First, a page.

The Financial Advocate: Fall 2021
As we seem to be gradually emerging from Covid-19 (it is almost 2022!), we find ourselves in a conundrum. The economy is finally recovering – rather robustly. But, will people come back to work? Why is inflation running so hot? Will the markets keep going up? What about interest rates? What about all that proposed political spending? Who’s going to pay for it all? The dictionary defines a “conundrum” as a difficult and confusing problem or situation; we’d argue that sums up the world we live in today.
Let’s try to make some sense of it all, and offer some suggestions on how things may pan out.
First, the positives. The economy and corporate profits are soaring! Most major American companies han-dled the pandemic rather well. With some government support and with adroit management, companies “right-sized” to the “new normal,” leaning down, refinancing, and setting their sights on how to operate in a Covid and eventually post-Covid world. For the most part, their strategies worked well. With Covid mostly behind us, we have record shattering profits quarter after quarter. The stock market is cheering! That’s the good part but…
Where are all the workers? Why are there “help wanted signs” eve-rywhere? Why are some store shelves empty?
Workers – Many people spent Covid working from home. Many parents became their children’s teachers. Many moved away from cities to the suburbs. Lives changed.
Here are some helpful facts. We are “missing” (conservatively) five million workers. Some are parents who are not coming back to em-ployment. A whole different group were nearing retirement and de-cided to do just that – retire! Another group does not want to come back to work fearing another round of Covid. There are those that resist vaccines and choose to quit. Lastly, some speculation surrounds people who may have accumulated some wealth through the equity appreciation of their homes, stock market in-vestments and crypto currencies and now have enough money to stay home for a period.
Here’s the key statistic, labor force participation is now at around 61.7% of eligible workers actually work-ing. Before the Financial Crisis, that number was 66%! That’s a whole lot of people. The latest JOLT’s re-port indicated that there are over 10 million unfilled jobs out there. Are they coming back? We think the an-swer is “very slowly.” This is the new normal.
Inflation, empty shelves etc. – Yes, inflation is running hot. It is interesting to see how it shows up. The su-permarket and the gas station are obvious examples. The supply chain disruption is everywhere. When you shut down the largest economy in the world, it’s hard to just start it back up from scratch. Semiconductors are in nearly everything you buy. When semiconductor manufacturers cancelled their orders for raw materi-als at the beginning of the pandemic, they had no idea that the recovery would be quick and robust. The swell in demand caught many of them off guard.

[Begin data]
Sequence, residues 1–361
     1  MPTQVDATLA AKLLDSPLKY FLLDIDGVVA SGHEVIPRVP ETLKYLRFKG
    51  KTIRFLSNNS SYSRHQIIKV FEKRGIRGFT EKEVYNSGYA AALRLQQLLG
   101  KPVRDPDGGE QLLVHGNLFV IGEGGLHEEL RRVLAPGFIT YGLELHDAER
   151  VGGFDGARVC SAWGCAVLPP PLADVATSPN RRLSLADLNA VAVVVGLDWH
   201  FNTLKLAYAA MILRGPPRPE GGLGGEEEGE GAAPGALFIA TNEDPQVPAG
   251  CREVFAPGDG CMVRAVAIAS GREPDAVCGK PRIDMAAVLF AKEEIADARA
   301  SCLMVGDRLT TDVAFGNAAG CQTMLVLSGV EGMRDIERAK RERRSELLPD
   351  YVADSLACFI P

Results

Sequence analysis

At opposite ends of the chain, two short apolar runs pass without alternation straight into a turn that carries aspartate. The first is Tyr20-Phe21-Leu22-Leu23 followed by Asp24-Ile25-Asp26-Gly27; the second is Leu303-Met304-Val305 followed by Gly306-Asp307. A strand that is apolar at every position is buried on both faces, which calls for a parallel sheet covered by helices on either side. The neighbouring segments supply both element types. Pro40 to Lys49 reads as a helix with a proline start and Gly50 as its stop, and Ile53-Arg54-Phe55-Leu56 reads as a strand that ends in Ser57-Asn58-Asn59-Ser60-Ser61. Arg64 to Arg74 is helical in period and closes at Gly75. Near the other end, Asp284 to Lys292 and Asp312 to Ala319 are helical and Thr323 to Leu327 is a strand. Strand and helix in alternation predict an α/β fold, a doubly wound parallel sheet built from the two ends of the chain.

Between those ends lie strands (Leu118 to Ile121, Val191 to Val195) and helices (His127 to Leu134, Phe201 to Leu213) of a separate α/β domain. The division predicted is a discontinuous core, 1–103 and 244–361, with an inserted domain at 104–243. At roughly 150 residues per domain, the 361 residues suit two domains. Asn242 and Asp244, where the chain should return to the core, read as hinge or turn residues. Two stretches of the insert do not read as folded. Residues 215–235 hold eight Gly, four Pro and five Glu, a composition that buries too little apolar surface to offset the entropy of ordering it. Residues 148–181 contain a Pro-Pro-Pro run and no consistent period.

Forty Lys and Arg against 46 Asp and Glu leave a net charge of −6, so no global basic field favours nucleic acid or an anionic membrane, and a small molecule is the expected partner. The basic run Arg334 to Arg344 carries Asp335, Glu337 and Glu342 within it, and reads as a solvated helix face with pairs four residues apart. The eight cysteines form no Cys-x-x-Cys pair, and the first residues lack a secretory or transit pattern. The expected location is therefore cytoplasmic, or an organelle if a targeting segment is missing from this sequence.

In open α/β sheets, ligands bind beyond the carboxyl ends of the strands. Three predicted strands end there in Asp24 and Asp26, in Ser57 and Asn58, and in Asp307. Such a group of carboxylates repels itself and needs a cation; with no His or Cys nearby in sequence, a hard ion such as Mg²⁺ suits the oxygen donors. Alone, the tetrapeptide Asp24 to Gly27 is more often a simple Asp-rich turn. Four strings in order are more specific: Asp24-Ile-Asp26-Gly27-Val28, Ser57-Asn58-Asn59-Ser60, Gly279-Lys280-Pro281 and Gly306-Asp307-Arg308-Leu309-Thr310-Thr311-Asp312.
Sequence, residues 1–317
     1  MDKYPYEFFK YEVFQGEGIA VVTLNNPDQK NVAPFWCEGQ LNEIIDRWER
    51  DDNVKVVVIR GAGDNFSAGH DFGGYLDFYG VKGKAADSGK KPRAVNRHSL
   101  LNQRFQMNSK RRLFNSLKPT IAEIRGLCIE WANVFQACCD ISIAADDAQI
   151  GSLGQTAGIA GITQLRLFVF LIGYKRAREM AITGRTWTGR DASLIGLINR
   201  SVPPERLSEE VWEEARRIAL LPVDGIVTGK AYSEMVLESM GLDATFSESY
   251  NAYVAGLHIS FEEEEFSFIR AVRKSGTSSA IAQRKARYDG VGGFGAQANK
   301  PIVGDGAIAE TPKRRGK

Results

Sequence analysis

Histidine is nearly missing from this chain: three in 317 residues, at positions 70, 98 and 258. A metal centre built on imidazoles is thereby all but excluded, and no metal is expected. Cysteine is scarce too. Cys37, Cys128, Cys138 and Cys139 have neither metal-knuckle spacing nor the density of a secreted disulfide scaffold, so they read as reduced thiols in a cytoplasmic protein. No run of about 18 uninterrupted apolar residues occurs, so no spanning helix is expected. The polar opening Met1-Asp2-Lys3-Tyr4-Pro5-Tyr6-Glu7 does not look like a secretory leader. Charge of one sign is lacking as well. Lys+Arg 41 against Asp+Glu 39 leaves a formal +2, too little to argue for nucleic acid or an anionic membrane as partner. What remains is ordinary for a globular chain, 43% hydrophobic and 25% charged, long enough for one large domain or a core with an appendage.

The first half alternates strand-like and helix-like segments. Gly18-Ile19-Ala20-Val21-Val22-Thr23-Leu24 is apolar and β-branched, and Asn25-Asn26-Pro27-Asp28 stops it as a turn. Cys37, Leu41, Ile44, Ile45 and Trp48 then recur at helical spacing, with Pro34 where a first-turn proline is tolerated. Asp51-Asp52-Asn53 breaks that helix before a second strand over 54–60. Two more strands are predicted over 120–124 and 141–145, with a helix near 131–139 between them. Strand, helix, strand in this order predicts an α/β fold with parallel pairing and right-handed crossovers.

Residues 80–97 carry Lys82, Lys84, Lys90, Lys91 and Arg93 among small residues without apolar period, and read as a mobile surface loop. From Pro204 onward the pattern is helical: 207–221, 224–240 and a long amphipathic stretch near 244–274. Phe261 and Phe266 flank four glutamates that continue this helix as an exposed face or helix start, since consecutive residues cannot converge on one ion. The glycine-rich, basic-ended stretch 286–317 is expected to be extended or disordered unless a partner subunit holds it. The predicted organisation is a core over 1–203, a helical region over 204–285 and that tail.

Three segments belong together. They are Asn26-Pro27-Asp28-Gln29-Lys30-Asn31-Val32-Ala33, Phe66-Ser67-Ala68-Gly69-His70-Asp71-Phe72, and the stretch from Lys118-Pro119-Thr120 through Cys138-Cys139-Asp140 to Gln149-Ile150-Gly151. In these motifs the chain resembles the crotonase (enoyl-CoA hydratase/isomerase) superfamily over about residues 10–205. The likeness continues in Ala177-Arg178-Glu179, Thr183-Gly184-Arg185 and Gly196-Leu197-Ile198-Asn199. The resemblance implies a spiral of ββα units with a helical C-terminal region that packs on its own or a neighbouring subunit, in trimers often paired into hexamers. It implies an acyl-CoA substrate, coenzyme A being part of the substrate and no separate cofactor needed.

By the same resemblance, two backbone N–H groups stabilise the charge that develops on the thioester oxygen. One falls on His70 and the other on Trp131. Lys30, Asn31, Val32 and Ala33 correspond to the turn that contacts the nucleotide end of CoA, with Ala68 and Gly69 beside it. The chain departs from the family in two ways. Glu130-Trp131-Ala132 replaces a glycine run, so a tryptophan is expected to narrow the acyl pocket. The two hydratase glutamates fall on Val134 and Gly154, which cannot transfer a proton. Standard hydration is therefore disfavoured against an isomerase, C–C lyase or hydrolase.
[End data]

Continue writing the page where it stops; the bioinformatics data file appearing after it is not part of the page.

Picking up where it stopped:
Remember all those workers who went home and moved to the suburbs? They all needed cars and ap-pliances and electronics – all at the same time! The supply chain is global, meaning a lot of the raw ma-terials going into finished products are not produced here. As a result of worker shortages in the shipping, transport, warehousing, retail industries, the supply chain backed up. It is so backed up that shipping costs are up 1000% or more! The busiest port in the country is in Los Angeles. In normal times, there is usually one or two ships waiting to be unloaded. As of several days ago, that number has grown to over 100 ships! Thousands and thousands of containers, all filled with the products you are trying to buy!
Interest Rates and the Fed – During the pandemic the administration spent several trillion dollars supporting the US economy. The Fed spent 4-5 trillion more! This is truly a staggering sum. While keeping interest rates at rock bottom levels and flooding the markets with money, the economy survived, then BOOMED! The Fed has begun (this month) reducing the rate of monetary support from the economy. This will continue into the middle of next year. At that time, the Fed will gauge the status of the economy and decide whether or not to raise interest rates. Interest rates are designed to tamp down inflation. As everything becomes more expensive due to higher interest rates, theoretically demand cools and prices retreat. We shall see. Higher rates in the short term are not necessarily bad for the stock market. The perception is that if the Fed is raising rates the economy must be doing well. We all know a strong economy leads to higher profits.
Politics – Earlier this year, we postulated that the Biden administration’s spending plans would be curtailed. While passing the $1.2 trillion-dollar infrastructure plan this month is noteworthy, it paled in comparison to the $3.5 trillion dollar social spending plan that Biden hoped to pass. With massive infighting in the Demo-cratic party and staunch opposition from the Republican party, this bill has been reduced to half its initial size. Political approval rates are low, there were some upsets in the November elections, and the holiday re-cess is looming. We might not see a final version of this package until next year.
Therefore, in summary, our best guesses moving into the new year are: